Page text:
As you can see in the clip, Marvin is sporting an injured left hand, which is thanks to jemmying Marty out of the car trunk while zonked out of his wee nut on blaw. Best case scenario, this is Marvin’s strumming hand; worse case scenario, it’s his fretting hand. I’m inclined to say that Marvin is right-handed (since his guitar is strung correctly for right-handed Marty and he lifts the telephone receiver with his right hand and dials with his left, as I – a right hander – used to do in the olden days) meaning that he’s injured his fretting hand. Now, if I played guitar professionally and had injured my fretting hand, I’d be SERIOUSLY worried: would I still be able to make those stretches across the fretboard after the wound has healed? And how long would it take to heal? There’s a lot of blood on that thick bandage. And remember: there was no NHS in the USA in 1955 (or now, for that matter) so Marvin has a medical bill on its way if that hand needs patched up. What if it gets infected? How much will that cost? And all while he can’t work as a guitarist. Will he have to pay a stand-in while his hand gets better? Where’s all this money coming from?
Marvin is nonplussed. His imminent fallow work period and expensive medical bills are far from his mind.
All he wants to do is call his cousin and good buddy Chuck Berry.
As you can see from Exhibits A to D, Marvin is possibly one of the GREATEST good guys this planet has ever known.
Now: let’s examine why Chuck Berry is an utter bastard*.
He claims not to know who Marvin is.
How many people do you know called Marvin? How many people do you know called Marvin who know your phone number? How many people do you know called Marvin who know your phone number who are likely to call you late on a Saturday night? Aye…exactly. And yet Marvin has to explain to Chuck that the Marvin who’s on the blower to him at that very moment is his cousin. Oh aye…THAT Marvin. My COUSIN Marvin. As opposed to all those other Marvins I know.
What makes this worse is that poor Marvin obviously thinks that he and Chuck have a good relationship together. Chuck DID, after all, confide with Marvin that he was looking for a new sound, so they must have met – or at least spoke together – recently (despite Chuck’s success with Maybellene and new wealth). Also, despite all the fame and the announcement THAT DAY by Billboard that Chuck was a promising R&B act, Chuck is sitting at home on a Saturday night and answers the phone after, at most, two rings.
So Chuck is sitting in his house on a Saturday night and the phone rings. He answers immediately. A voice says it’s Marvin. How many Marvins do you know, Chuck? Regardless, you ask who it is. It’s your cousin, Marvin Berry. Same surname, so obviously your fathers were brothers. Did they get on? Marvin’s dad obviously thought so, since he’s encouraged his son to form a good relationship with his brother’s son. Your dad, Chuck, however…maybe he thought less of his brother. Maybe your dad made too much of himself and looked down on Marvin’s father. Maybe your middle class upbringing wasn’t what the other Berry brothers provided for their families and your dad, Chuck, thought his brothers were mugs and their offspring were wasters. Some of this must have rubbed off on you, Chuck, as you treat Marvin Berry, one of life’s good guys, like dog muck.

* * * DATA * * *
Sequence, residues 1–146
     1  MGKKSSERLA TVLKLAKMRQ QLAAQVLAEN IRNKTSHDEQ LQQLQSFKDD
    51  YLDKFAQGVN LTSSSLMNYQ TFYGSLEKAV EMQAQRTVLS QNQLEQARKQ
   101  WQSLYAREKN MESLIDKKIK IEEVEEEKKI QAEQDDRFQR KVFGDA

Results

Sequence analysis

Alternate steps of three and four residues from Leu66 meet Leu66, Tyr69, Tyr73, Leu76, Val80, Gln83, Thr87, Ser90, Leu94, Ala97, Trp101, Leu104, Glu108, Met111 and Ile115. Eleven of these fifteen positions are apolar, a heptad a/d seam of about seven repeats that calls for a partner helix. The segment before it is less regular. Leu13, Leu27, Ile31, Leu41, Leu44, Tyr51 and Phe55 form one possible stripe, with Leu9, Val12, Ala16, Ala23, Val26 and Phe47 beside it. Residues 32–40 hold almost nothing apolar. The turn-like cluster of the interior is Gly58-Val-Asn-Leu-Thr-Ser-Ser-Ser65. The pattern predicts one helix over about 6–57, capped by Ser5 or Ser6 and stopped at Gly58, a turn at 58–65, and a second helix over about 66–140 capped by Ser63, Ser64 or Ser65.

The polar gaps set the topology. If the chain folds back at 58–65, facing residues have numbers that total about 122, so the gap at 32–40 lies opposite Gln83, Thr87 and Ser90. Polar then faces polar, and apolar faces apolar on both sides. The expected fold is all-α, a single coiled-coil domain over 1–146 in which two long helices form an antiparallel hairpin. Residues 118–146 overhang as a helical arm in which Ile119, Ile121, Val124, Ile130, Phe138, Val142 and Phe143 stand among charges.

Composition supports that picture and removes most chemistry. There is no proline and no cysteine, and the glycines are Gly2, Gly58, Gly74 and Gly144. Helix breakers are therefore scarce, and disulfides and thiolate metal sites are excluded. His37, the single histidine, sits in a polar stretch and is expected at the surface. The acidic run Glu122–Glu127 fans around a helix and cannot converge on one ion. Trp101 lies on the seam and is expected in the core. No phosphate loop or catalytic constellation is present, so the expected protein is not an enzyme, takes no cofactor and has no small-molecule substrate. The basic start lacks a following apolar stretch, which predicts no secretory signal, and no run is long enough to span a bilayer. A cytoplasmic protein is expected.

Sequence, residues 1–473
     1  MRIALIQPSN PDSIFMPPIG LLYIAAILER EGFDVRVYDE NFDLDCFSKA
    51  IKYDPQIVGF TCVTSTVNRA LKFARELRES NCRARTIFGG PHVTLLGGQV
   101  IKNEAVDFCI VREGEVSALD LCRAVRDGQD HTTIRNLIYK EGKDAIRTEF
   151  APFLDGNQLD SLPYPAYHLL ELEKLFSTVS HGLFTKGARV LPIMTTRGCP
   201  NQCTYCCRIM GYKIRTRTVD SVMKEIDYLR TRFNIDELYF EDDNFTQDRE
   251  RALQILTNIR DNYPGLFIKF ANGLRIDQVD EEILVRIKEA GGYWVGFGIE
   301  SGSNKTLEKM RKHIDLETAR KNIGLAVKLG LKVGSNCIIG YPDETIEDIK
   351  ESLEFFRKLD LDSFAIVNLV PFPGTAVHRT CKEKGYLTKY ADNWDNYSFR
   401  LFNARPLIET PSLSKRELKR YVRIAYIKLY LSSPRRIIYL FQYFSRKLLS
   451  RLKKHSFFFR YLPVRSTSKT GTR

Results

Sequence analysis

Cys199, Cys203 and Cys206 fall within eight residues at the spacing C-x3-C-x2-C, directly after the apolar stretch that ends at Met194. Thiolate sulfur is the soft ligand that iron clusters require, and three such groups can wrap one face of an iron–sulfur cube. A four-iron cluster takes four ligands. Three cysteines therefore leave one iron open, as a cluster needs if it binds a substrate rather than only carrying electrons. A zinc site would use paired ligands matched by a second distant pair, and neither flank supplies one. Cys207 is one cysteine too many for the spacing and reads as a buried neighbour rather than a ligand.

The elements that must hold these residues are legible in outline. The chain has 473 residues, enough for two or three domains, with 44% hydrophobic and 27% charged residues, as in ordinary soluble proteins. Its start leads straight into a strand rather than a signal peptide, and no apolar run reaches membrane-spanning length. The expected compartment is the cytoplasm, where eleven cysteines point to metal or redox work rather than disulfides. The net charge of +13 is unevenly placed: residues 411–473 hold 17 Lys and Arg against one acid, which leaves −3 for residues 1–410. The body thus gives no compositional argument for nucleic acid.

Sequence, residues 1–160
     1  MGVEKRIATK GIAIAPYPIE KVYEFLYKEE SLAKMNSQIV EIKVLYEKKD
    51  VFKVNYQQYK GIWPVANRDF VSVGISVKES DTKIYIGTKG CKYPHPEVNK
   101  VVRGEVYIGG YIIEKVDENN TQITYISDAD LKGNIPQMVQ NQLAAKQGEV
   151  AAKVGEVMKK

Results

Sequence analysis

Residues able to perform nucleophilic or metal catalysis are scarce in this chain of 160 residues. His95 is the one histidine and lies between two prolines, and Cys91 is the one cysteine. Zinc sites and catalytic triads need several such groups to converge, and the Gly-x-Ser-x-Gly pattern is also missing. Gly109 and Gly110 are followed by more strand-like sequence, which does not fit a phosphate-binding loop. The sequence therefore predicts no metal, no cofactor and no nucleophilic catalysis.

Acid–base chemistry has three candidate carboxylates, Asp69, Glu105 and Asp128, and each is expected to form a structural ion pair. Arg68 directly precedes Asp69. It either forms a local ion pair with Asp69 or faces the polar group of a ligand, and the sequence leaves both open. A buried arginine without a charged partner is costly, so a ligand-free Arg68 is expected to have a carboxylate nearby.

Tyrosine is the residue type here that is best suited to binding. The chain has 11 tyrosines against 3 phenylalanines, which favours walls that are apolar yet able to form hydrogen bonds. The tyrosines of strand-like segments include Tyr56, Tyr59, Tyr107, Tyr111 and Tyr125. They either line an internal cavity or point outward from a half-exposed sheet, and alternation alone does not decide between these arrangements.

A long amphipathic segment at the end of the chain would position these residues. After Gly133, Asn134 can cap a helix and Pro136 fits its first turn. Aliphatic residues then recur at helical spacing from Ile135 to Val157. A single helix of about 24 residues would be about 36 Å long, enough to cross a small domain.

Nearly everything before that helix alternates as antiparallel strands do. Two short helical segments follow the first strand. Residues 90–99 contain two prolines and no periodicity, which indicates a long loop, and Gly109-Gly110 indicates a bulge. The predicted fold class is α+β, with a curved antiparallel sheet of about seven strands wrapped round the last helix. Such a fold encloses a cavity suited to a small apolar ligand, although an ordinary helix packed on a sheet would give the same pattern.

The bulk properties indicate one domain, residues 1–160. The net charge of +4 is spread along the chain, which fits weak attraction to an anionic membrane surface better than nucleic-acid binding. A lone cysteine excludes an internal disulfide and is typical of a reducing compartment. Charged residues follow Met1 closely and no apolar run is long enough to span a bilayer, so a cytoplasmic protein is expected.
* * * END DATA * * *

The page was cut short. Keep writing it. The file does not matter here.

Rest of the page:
Marvin who? That’s just cheek from you, Chuck Berry.
What did Chuck actually hear?
If you return to the clip, you’ll notice that Marvin points the phone at the stage at 01:42. From this point on Marty basically shreds while the band continue to play an R&B rhythm behind it. Frankly, it sounds bloody awful. If Chuck took anything from this his next single would have sounded like a cross between Buddy Holly and Yngwie Malmsteen. In other words: shite.
So, the only thing that makes sense is that Marvin returned to the phone (he’s back on stage at 02:03, so he must have left the receiver on a table for Chuck to listen) after the song was over to apologise to Chuck for wasting his time and then subsequently WENT TO CHUCK’S HOUSE WITH THE REST OF THE BAND TO PLAY THE SONG FROM SCRATCH.
Just how much does Marvin love this guy that, despite his potentially career-ending injury and impending financial hardship, and the fact that Chuck mugged him off on the phone, he’s decided to go round to Chuck’s house with the Starlighters to make sure that his cousin hears, note for note, exactly what “cooked” at the Enchantment Under The Sea dance in Hill Valley? Such selflessness is awe-inspiring.
Chuck stole someone else’s song (and may be a murderer*)
I’m no expert in copyright law, but surely hearing someone else’s song and presenting it as your own is a little bit dodgy? I’m sure Marvin and the Starlighters played Chuck the tune in good faith. Here’s the gist of it, Chuck. It was called Johnny Be Good or something but that’s not important. Got it? Right we’re off to take Marvin to the doctor. All the best.
And Chuck, instead of absorbing the feel of the tune and developing it into his own sound, decides for himself that this song is his for the taking. What could be simpler? The perfect crime. How does Chuck ensure that no-one can grass him up though? How do you think? Who’s heard of Marvin Berry and the Starlighters these days? Exactly. CHUCK BERRY HAD THEM BUMPED OFF! It must have taken Chuck a wee while to get the dirty deed done, because he never released his own version of Johnny B. Goode until 1958 (and Marvin probably never told him about the crazy white kid who popped up from nowhere to bestow the music upon them, so Chuck wouldn’t have known that the secret would eventually come out in a Hollywood feature film 30 years later) but he done it all right. Of that I have NO DOUBT WHATSOEVER*.
Marvin Berry was one of the greatest good guys ever in the history of human beings and Chuck Berry was an absolute rotter. Chuck may have got the fame and fortune but now Marvin, for your lack of selfishness in 1955, I salute you.
And if it wasn’t for Marvin’s quick thinking, The Vinegar Tits would not have been able to write a cheeky wee rock ‘n’ roll song like this:
Big Auld Erse by The Vinegar Tits
Yup, all this was just a big run up to me punting a song I wrote two years ago.
Search Spotify, iTunes and soundcloud for more songs from The Vinegar Tits.
Thanks for reading (and listening).
Chuck Berry is not a bastard, he did not steal Johnny B. Goode from Marty McFly (or anyone else, for that matter) and he most definitely did not murder Marvin Berry and the Starlighters or have them killed by person or persons unknown**.
**Can’t emphasize this one enough: Chuck Berry is not a murderer***